Categories: Mathematics

Existential Physics

Existential Physics

107 I agree with Philip Ball: Philip Ball, Beyond Weird: Why Everything You Thought You Knew about Quantum Physics Is Different (Chicago: University of Chicago Press, 2018). 109 “spooky action at a distance”: Albert Einstein, ...

Author: Sabine Hossenfelder

Publisher: Atlantic Books

ISBN: 9781838950378

Category: Science

Page:

View: 495

Do we have free will? Is the universe compatible with God? Do we live in a computer simulation? Does the universe think? Physicists are great at complicated research, but they are less good at telling us why it matters. In this entertaining and groundbreaking book, theoretical physicist Sabine Hossenfelder breaks down why we should care. Drawing on the latest research in quantum mechanics, black holes, string theory and particle physics, Existential Physics explains what modern physics can tell us about the big questions. Filled with counterintuitive insights and including interviews with other leading scientists, this clear and yet profound book will reshape your understanding of science and the limits of what we can know.
Categories: Science

Quantum Entanglement

Quantum Entanglement

Beyond Weird: Why Everything You Thought You Knew about Quantum Physics Is Different. Chicago: University of Chicago Press. Becker, Adam. 2018. What Is Real? The Unfinished Quest for the Meaning of Quantum Physics.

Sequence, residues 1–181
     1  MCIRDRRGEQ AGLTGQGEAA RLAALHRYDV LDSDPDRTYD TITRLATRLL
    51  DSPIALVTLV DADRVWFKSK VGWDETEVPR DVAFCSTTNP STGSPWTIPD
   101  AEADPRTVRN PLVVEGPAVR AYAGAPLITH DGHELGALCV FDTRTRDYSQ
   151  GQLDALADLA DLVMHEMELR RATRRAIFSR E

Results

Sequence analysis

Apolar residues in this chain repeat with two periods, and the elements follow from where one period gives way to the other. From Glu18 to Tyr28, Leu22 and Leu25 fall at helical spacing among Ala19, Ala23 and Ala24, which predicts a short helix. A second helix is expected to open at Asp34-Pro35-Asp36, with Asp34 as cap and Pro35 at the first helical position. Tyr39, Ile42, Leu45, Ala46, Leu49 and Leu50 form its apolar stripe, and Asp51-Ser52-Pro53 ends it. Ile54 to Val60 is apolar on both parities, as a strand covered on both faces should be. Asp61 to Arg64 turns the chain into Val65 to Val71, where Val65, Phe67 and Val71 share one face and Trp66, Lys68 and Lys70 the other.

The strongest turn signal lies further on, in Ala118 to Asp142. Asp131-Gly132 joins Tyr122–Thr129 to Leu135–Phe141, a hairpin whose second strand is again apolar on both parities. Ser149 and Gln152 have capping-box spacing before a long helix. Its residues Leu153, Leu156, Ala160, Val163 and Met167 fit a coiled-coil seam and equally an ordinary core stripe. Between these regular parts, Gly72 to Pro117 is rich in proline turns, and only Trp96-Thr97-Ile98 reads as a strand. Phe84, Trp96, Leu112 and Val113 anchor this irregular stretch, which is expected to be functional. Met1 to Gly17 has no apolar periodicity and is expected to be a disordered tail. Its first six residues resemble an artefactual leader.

Author: Jed Brody

Publisher: MIT Press

ISBN: 9780262357623

Category: Science

Page: 184

View: 117

An exploration of quantum entanglement and the ways in which it contradicts our everyday assumptions about the ultimate nature of reality. Quantum physics is notable for its brazen defiance of common sense. (Think of Schrödinger's Cat, famously both dead and alive.) An especially rigorous form of quantum contradiction occurs in experiments with entangled particles. Our common assumption is that objects have properties whether or not anyone is observing them, and the measurement of one can't affect the other. Quantum entanglement—called by Einstein “spooky action at a distance”—rejects this assumption, offering impeccable reasoning and irrefutable evidence of the opposite. Is quantum entanglement mystical, or just mystifying? In this volume in the MIT Press Essential Knowledge series, Jed Brody equips readers to decide for themselves. He explains how our commonsense assumptions impose constraints—from which entangled particles break free. Brody explores such concepts as local realism, Bell's inequality, polarization, time dilation, and special relativity. He introduces readers to imaginary physicists Alice and Bob and their photon analyses; points out that it's easier to reject falsehood than establish the truth; and reports that some physicists explain entanglement by arguing that we live in a cross-section of a higher-dimensional reality. He examines a variety of viewpoints held by physicists, including quantum decoherence, Niels Bohr's Copenhagen interpretation, genuine fortuitousness, and QBism. This relatively recent interpretation, an abbreviation of “quantum Bayesianism,” holds that there's no such thing as an absolutely accurate, objective probability “out there,” that quantum mechanical probabilities are subjective judgments, and there's no “action at a distance,” spooky or otherwise.
Categories: Science

Uncountable

Uncountable

... of quantum physics, Beyond Weird: Why Everything You Thought You Knew about Quantum Physics Is Different (Chicago: ... We say “as if” in order to avoid taking any position on the reasons for or ontological meaning of these results.

Author: David Nirenberg

Publisher: University of Chicago Press

ISBN: 9780226647036

Category: History

Page: 432

View: 957